What do you want?
Family vacations with an active slant—camping and trekking both at-home and abroad. An active and healthy lifestyle the whole family will enjoy and activities that forge self-confidence, promote problem-solving skills and instill a love of and respect for nature.
Sounds great, right?
But first you have to install a love of hiking in your kids. Here's how to do it right:
1. Set Your Expectations
When introducing a youngster to hiking, keep your expectations simple. The daily goal shouldn’t be to reach a summit or even complete the full length of a trail. The expectation is: time spent outdoors, together.
It’s easy to meet and impossible to disappoint—even if the trip is cut short, or weather (or moods) foul. As your family progresses in the sport of hiking, you can fine-tune and extend these expectations. For starters—basic is best.
2. Keep Everybody Well Fed
Hungry kids don’t make happy hikers. Err on the side of too many snacks. Bring treats, too. (Think like a kid—you might be OK with a steady diet of protein gels, but will they be?) Stop for a long lunch. And water, water, water! This is going to mean your pack is quite heavy—as you don’t want to start kids off with overweight backpacks—but any inconvenience will pay dividends in the form of longer days in the woods and far fewer complaints.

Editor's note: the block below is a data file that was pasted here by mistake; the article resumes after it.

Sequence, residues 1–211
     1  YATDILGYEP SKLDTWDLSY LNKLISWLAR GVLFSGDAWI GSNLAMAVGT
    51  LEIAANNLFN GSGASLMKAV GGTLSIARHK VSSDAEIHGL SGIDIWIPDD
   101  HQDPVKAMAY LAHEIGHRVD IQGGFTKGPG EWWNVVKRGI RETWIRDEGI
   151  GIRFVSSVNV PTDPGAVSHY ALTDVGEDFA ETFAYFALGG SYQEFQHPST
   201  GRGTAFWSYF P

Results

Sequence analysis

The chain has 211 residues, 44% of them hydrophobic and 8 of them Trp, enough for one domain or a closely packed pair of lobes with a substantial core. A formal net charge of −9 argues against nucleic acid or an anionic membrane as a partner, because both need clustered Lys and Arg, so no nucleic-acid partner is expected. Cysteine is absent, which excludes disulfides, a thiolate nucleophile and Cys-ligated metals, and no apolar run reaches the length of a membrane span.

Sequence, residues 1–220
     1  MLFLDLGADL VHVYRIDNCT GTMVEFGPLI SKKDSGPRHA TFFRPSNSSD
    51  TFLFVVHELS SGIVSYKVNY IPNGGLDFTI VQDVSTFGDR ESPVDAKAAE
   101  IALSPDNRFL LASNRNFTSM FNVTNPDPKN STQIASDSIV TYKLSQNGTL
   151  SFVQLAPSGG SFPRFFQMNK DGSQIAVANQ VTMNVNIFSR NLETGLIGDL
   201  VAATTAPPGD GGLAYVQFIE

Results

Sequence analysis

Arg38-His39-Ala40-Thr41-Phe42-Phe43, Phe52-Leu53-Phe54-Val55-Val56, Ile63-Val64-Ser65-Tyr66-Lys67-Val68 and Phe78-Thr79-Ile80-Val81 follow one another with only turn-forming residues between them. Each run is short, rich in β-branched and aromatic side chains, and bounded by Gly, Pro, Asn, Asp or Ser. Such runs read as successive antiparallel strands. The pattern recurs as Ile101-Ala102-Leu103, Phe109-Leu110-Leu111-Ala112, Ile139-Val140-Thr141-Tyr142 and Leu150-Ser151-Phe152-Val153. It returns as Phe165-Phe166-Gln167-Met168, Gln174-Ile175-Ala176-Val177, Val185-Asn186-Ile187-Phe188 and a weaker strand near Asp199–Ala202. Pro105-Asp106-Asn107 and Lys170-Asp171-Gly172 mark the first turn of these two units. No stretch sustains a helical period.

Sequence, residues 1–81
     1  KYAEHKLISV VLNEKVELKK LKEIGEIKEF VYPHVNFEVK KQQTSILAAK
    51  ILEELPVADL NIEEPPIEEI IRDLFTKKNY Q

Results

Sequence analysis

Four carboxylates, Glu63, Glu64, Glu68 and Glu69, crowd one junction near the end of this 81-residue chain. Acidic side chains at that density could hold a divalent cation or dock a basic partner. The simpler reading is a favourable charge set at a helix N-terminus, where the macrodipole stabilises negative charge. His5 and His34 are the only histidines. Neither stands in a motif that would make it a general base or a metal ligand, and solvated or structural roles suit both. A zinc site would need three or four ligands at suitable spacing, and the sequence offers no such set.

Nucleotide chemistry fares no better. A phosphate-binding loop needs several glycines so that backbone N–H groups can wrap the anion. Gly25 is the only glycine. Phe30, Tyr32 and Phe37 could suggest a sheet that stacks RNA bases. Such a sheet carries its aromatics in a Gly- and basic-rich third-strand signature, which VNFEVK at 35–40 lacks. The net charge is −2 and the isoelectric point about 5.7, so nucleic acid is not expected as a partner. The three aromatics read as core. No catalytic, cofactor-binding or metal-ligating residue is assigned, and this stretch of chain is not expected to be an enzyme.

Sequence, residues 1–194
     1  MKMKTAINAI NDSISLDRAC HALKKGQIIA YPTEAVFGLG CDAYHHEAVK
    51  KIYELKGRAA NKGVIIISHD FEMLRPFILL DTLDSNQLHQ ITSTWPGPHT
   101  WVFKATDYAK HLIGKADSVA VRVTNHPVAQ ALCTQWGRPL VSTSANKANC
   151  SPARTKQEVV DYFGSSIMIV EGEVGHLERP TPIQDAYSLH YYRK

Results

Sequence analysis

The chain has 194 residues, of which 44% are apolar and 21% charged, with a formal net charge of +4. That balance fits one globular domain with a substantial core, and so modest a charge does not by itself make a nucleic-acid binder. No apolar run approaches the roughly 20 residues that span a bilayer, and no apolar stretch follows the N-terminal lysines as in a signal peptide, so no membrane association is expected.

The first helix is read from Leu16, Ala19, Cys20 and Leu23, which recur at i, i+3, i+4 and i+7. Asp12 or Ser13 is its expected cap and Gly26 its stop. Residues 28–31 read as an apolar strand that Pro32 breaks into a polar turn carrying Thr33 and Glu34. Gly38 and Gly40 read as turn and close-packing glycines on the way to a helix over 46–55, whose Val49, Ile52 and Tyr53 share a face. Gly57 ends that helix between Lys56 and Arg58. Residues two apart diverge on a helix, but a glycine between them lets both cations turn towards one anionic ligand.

When starting out, bribes are OK too. Entice your youngster along with the promise of a cookie and let the magic of nature finish the job.
3. Engage & Entertain
For you, the simple act of Shinrinyoku (forest bathing) or the pleasures of an expansive vista are more than enough. The chirp of a songbird is your favourite soundtrack and you can spend hours identifying grasses and wildflowers.
Well, your kid needs more. You’re going to have to sacrifice serenity in favour of telling funny stories to lure your children through the trail. Create games that distract them from the plodding distances. Make reasonable physical challenges (“I bet you can’t jump over that puddle!”) to engage them on their level—not yours.
4. Invest in the Right Gear
You’re a hardy hiker—a blister or leaky jacket isn’t going to send you back to the car. But kids need to be warm, dry and extremely comfortable at all times. A novice hiker hasn’t yet been bewitched by Mother Nature enough to push through the pain.
This means buying proper gear. Yes—kids need waterproof-breathable jackets, wool-blend base-layers and socks and supportive boots. If you’re serious about cultivating a young hiker, put up the cash to prove it.
The first three are up to you. We can help with the last one though. Shop our catalogue here.